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How to sell your car privately

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Generally speaking, arranging a private sale will get you the best price for your car. The key word here though is arranging. Organising a private sale usually requires considerable time and effort on your part. So here are some of the points you’ll need to think about.

Preparing your car for sale

You’re likely to be competing against many other similar cars, each hoping to catch the eye of a buyer. This means it’s crucial your car looks as good as it can.

Cleanliness counts. If you haven’t bothered to make the car look presentable you can expect a sizeable sum to be knocked off the sale value. Consider paying for a good ‘car cleaning and valeting’ service. A shiny finish will really boost how your car looks (especially in pictures). And paying for a professional job will generally increase the car’s value more than the job costs.

Check the bodywork. Use T-Cut on light scratches. Small dents can usually be repaired at only a slight expense. And deal with minor mechanical faults. Buyers are also reassured when there’s a new MOT. If yours is about to expire, getting a new one is a good bet.

Where and how to advertise

Some of the most popular ways to advertise:

When advertising a car for sales your ad (by law) needs to describe the car accurately and include:

Where to get car valuations

It’s crucial you know the ‘market’ value of your vehicle. You can find this out easily by using sites such as:

Car valuation services are particularly useful in assessing how damage on your car may have an effect on its value. Also, check similar cars in the classified ads in local papers.

Basic negotiation advice

Once you know the value of your car, build in a little wiggle room for negotiating. Not everyone enjoys haggling, so here are a few tips to prevent you feeling intimidated:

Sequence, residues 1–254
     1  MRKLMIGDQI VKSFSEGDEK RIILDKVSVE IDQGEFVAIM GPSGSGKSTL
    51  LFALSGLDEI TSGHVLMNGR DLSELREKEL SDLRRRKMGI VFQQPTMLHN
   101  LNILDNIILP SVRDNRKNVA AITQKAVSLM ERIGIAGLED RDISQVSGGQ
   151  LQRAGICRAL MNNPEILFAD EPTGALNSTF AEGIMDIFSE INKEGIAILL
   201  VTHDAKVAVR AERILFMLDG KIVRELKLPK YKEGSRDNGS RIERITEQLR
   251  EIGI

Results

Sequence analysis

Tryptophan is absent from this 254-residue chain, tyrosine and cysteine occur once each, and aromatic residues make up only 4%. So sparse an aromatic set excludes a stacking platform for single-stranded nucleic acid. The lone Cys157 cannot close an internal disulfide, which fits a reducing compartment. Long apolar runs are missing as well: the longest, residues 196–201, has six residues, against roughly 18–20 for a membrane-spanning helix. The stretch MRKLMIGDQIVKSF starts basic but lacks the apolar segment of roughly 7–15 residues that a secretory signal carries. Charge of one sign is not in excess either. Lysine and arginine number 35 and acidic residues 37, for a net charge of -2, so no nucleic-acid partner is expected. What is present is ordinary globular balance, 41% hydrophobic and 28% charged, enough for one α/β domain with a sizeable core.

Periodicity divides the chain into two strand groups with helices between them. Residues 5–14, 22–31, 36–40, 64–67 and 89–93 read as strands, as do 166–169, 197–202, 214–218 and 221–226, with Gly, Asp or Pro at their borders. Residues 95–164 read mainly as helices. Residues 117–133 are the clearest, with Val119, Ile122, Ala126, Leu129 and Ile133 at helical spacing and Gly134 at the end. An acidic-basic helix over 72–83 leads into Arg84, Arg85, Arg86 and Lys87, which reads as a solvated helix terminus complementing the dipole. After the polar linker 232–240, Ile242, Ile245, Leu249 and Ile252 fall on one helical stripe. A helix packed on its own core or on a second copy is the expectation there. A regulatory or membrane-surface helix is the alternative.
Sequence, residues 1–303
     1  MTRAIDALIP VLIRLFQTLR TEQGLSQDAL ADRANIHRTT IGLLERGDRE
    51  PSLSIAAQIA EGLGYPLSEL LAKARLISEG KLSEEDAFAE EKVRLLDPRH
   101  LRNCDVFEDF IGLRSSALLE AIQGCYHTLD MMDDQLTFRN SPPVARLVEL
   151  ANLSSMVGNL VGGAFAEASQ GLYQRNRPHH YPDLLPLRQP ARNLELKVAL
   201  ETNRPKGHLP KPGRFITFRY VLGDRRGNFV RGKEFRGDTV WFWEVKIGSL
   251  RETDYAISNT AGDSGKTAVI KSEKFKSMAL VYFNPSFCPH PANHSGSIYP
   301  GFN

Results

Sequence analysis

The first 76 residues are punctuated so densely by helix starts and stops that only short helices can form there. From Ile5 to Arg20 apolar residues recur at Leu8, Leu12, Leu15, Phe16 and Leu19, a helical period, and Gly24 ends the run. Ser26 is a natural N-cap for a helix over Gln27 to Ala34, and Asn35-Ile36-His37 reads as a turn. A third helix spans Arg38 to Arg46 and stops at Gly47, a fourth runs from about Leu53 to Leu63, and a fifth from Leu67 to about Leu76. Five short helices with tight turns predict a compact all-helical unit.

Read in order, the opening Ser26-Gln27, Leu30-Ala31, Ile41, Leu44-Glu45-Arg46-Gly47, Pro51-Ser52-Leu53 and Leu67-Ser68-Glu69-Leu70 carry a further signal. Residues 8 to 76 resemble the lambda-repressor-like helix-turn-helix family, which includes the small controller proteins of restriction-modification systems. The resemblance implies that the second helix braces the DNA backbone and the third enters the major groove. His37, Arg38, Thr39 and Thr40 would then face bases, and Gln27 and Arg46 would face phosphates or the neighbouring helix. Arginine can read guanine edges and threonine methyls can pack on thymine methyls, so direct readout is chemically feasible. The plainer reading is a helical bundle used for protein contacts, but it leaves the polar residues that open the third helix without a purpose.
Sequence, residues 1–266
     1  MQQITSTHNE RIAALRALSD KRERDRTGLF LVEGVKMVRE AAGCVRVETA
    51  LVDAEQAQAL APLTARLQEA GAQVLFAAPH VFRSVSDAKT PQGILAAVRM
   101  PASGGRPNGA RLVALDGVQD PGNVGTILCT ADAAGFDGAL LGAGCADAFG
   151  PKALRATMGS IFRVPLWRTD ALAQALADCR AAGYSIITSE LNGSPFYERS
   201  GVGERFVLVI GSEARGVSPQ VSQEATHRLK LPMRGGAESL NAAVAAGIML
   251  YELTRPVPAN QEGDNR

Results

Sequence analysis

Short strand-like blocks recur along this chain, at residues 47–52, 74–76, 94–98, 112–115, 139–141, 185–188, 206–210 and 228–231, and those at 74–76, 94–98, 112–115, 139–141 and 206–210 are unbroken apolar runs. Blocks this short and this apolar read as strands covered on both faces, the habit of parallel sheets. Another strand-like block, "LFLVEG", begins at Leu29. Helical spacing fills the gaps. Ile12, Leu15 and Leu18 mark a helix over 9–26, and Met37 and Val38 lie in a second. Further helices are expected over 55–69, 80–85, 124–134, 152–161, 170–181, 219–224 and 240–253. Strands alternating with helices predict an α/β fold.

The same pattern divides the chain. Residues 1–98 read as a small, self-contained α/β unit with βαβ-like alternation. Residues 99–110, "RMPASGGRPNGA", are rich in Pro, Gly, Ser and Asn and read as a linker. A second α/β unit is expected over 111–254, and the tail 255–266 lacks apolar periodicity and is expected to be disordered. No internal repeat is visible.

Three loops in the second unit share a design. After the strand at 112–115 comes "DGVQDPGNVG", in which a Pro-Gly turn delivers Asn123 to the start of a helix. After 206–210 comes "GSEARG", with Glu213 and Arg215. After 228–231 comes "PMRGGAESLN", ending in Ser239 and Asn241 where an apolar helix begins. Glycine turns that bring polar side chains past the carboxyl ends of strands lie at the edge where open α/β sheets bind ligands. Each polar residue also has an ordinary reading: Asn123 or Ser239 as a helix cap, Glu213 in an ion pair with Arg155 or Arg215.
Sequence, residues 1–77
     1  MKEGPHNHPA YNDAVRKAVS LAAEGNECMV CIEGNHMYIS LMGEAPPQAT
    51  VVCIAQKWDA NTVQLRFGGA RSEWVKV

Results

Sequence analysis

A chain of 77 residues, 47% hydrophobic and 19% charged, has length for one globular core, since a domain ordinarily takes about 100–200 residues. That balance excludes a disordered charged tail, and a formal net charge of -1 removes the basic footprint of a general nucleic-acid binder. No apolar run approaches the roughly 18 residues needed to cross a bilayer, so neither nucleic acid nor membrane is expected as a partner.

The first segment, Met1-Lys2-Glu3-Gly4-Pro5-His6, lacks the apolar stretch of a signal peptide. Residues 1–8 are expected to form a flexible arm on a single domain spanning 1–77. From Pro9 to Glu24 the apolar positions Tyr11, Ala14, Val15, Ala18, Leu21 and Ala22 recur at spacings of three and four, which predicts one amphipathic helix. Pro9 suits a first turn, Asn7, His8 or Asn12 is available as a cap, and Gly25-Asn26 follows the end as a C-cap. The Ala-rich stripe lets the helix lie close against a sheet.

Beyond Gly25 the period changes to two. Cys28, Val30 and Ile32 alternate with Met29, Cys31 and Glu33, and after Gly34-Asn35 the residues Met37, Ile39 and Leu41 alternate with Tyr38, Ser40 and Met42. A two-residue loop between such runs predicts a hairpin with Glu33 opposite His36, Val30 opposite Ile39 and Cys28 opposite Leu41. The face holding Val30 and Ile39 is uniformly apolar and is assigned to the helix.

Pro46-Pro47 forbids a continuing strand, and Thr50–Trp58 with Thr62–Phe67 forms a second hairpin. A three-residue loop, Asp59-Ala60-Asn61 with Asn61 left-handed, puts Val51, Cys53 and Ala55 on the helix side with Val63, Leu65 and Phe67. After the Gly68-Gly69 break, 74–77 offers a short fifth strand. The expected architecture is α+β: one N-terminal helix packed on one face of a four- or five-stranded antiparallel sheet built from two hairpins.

Safe methods of payment

Once you’ve agreed the sale, you need to agree on the payment method.

CASH – Be sure to count the money. Have a friend or family member with you. Or perhaps arrange to meet the buyer at your bank. That way you can pay the money in immediately and the cashier will check the banknotes.

IMMEDIATE BANK TRANSFER (CHAPS) – Keep possession of your car until the funds have successfully transferred into your account. Also, bear in mind that with this payment method you’ll have to reveal your bank account details to the buyer.

CHEQUE OR BANKER’S DRAFT – Request proof of the buyer’s name and address –a utility bill is usually sufficient (so you can follow them up if necessary). If you have doubts about the buyer’s cheque, wait until your bank confirms it has cleared the full payment into your account before handing over the keys. Most banks will show the cheque arriving in your account by the next working day, but this is not the same as the cheque actually being cleared. It could still bounce.

NON-REFUNDABLE DEPOSIT – If your buyer wants to buy the car but can’t pay immediately, ask for a non-refundable deposit. The normal amount is £100. This will help cover your costs if they pull out and you have to re-advertise.

Spotting frauds

Selling your car privately carries the risk of being exposed to deception. Here are some recent scams to look-out for:

Selling your car privately
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